The Faithful's Testimony
A small focus group was assembled to inform the next aspect of this study. Through a brief online survey forwarded to believers, participants engaged in sacramental dialog. The purpose of this part of the work, was to request, prayerful and joyful insight sharing. Respondents provided heartfelt and qualitative replies to four questions dealing with sacramental praxis in these pandemic interrupted days. Individuals selected for the focus group required minimal computer literacy. Clergy, lay catechists, educators, music ministers, and medical professionals describe the group's vocational composition. The bishop's office and pastor, granted permission and the inquiry proceeded. Analytics affirmed, although, admittedly generated from a small sample group, several themes presented throughout this project. The following paragraphs, detail the invitation and questions, presented for discussion. Statements from each of ten anonymous respondents showed passion, for the complexities aroused, when a pandemic scrambles both secularists and sacramental practitioner to the nation’s side.
The Impact of COVID-19 on Sacramental Praxis
COVID-19 arrested the world's citizenry in ways unknown since the Second World War. From the Silent generation (1928-1945) to Generation Z (1997-2012), factions of today’s population experience the disease in discrete and complex ways. Will sacramental praxis be a casualty of this contagious virus or a beneficiary? In what creative ways can religious leaders modify sacramental praxis balancing sacred tradition with ministerial outreach?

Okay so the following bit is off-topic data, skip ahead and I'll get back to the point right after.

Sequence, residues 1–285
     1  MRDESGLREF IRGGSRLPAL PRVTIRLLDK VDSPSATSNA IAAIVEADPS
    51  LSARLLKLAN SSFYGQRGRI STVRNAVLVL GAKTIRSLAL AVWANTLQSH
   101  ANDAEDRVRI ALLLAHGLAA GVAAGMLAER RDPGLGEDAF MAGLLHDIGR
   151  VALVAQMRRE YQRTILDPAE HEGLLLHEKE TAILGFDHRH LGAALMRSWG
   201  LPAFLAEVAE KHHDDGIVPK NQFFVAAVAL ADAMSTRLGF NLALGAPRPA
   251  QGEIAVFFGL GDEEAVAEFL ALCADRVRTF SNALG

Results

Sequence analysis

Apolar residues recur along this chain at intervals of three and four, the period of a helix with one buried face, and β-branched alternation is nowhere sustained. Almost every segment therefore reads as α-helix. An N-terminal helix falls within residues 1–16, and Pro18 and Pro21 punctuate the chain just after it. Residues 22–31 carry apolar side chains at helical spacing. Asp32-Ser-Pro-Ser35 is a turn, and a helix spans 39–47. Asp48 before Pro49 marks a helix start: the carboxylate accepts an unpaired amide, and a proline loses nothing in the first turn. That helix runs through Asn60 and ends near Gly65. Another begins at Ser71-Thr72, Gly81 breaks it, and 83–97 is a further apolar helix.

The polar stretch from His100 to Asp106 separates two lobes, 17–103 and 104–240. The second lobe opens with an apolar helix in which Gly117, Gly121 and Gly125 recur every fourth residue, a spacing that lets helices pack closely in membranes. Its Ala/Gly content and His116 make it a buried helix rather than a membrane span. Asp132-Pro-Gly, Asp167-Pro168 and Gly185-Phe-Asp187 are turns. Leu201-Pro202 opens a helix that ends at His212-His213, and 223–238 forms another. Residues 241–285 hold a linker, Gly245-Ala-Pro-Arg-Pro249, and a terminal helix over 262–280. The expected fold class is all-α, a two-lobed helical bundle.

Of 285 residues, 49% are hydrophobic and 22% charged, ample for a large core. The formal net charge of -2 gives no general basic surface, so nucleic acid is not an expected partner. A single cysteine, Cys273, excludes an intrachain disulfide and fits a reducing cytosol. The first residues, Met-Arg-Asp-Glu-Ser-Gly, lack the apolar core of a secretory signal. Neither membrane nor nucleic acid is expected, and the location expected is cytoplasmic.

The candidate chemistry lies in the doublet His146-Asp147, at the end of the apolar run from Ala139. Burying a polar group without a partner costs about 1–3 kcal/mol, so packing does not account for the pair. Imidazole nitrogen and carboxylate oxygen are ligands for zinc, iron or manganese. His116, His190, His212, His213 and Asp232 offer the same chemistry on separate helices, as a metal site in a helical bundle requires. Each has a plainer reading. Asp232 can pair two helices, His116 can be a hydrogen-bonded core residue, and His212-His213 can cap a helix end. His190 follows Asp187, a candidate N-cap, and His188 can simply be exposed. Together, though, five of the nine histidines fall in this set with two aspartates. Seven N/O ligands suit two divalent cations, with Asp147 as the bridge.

How has Covid-19 influenced your sacramental praxis?
Since I reside at MSF Retreat Centre with the Friars, Mass continues but in a very liturgically truncated way. There is no music, for instance, and communion is served only in the bread. The giving of the "Peace" is only gestured, lacking the added sense of connecting that physicality lends. The number of people who can attend is minimal, making the communal aspect even more diminished. I no longer connect with the larger parish of St. Mary's in Cochrane on Saturday evening as I would typically do at least twice per month. St. Mary's tends to be a parish that celebrates the sacraments well. I am a musician of sorts, and I miss the musical aspect in the celebration of the sacraments at Mass and the Liturgy of the Hours." Respondent Nine
I am grateful for 'live streaming, the opportunity to share Celebrating the Word by email with Jean Dinning. Miss the community, as I am restricted not just by COVID-19, but I am also Ken's caregiver. His memory loss has affected our lives minute to minute, despite our sacramental praxis. Respondent Eight
2. How do you imagine history, theology, science, and politics shaping people's response to COVID-19?